Monday, April 26, 2021

In Search of Darkness: Part II, on Shudder

Is there a more fitting way to pay tribute to 80’s horror than with a sequel? After all, there is no shortage of films to be discussed. Even with four hours, they couldn’t fit absolutely everything in the first doc, but obviously, the biggest franchise-launching hits have already been covered. It isn’t quite the same, but there is still plenty of good stuff in David A. Weiner’s In Search of Darkness: Part II The Journey Into ‘80s Horror Continues, which premieres today on Shudder.

The coolest thing about Part II is the greater focus on international cinema, particularly Italian giallos, but there is also a good treatment of Shinya Tsukamoto’s
Tetsuo: The Iron Man. However, that perversely means there is a lot explicit eyeball trauma early on. In fact, the first half-hour or so features some surprisingly violent clips, including a long creepy (and not especially necessary) segment on the less than classic grindhouse flick Mother’s Day.

There are a lot of good films that did not make the cut the first time around that get their just due in Part II, particularly Michael Mann’s
The Keep and Alan Parker’s Angel Heart. Appropriately, the original horror movie doc, Terror in the Aisles also gets its turn in the spotlight. Yet, some of the best parts are sidebar sequences examining the careers of Nancy Allen and Robert Englund, as well as a survey of 8-bit 80s video games based on horror movies (such as the notorious Texas Chain Massacre game, in which players chased down victims with a unfortunately phallic-looking chainsaw).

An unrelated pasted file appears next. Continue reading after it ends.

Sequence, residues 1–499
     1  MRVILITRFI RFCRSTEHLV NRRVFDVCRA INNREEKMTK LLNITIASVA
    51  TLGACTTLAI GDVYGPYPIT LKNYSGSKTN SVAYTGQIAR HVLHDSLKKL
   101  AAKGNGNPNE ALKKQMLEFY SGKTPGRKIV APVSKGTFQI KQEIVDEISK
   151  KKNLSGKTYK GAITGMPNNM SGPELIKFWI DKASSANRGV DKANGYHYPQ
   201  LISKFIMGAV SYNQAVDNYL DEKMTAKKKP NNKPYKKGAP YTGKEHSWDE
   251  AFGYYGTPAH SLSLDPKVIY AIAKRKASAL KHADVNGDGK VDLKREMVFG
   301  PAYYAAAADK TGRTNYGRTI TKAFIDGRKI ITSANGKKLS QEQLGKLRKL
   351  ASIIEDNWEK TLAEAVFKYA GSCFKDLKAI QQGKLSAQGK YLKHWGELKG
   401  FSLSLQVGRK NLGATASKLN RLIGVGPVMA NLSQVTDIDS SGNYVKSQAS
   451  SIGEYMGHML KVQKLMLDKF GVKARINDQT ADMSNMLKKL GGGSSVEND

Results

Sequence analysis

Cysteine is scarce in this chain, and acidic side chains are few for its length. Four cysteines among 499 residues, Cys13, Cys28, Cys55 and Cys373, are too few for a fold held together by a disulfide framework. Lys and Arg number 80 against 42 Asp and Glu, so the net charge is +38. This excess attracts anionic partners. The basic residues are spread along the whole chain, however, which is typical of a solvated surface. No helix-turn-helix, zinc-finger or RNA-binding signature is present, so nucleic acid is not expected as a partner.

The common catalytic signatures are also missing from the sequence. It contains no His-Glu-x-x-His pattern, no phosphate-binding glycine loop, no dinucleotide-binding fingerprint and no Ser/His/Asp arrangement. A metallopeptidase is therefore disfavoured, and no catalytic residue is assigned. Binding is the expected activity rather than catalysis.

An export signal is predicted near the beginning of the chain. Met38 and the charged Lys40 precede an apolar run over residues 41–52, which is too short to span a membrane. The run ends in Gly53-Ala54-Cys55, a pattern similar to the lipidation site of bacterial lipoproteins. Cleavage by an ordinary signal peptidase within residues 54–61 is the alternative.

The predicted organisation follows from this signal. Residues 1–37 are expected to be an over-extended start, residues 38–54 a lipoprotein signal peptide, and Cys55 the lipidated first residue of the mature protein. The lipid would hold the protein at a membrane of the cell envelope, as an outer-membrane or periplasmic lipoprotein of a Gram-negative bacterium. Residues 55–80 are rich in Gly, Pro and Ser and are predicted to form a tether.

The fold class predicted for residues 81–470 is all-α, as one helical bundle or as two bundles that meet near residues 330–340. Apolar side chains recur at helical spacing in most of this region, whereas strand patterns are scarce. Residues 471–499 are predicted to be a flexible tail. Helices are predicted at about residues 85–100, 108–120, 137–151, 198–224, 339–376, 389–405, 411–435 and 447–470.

In Part II, Clancy Brown offers some of the best commentary. It is also nice to hear more from Englund, Joe Dante, Tom Atkins, Barbara Crampton, Jeffrey Combs, Kane Hodder, Bill Moseley, Tom Savini, and Cassandran “Elvira” Peterson. Linnea Quigley’s fans will also probably be thrilled with her considerable screen-time.

Anyone who was a fan of the first
In Search of Darkness will most likely enjoy Part II too. However, if you only have four and a half hours to spend, then Part I is the one to watch. Granted, both films are fan-service, but they are both lively, well-put-together nostalgia trips. Like Part I, the sequel passes a crucial test, by making viewers want to re-watch or catch-up with many of the films it covers. Recommended for horror fanatics and those who remember the greatness of the 1980s, In Search of Darkness Part II starts streaming today (4/26) on Shudder.